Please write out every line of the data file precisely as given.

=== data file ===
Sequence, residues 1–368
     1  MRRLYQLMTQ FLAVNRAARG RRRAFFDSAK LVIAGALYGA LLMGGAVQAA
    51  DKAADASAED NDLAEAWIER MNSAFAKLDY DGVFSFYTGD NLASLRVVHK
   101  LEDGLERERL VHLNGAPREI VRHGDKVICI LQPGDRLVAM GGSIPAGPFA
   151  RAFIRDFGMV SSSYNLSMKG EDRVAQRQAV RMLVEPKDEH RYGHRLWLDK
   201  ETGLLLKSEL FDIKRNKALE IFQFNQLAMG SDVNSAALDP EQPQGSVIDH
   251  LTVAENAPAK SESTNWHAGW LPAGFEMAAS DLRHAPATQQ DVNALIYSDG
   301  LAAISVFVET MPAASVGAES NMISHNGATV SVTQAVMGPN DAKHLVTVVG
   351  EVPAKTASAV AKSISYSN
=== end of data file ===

Sequence, residues 1–368
     1  MRRLYQLMTQ FLAVNRAARG RRRAFFDSAK LVIAGALYGA LLMGGAVQAA
    51  DKAADASAED NDLAEAWIER MNSAFAKLDY DGVFSFYTGD NLASLRVVHK
   101  LEDGLERERL VHLNGAPREI VRHGDKVICI LQPGDRLVAM GGSIPAGPFA
   151  RAFIRDFGMV SSSYNLSMKG EDRVAQRQAV RMLVEPKDEH RYGHRLWLDK
   201  ETGLLLKSEL FDIKRNKALE IFQFNQLAMG SDVNSAALDP EQPQGSVIDH
   251  LTVAENAPAK SESTNWHAGW LPAGFEMAAS DLRHAPATQQ DVNALIYSDG
   301  LAAISVFVET MPAASVGAES NMISHNGATV SVTQAVMGPN DAKHLVTVVG
   351  EVPAKTASAV AKSISYSN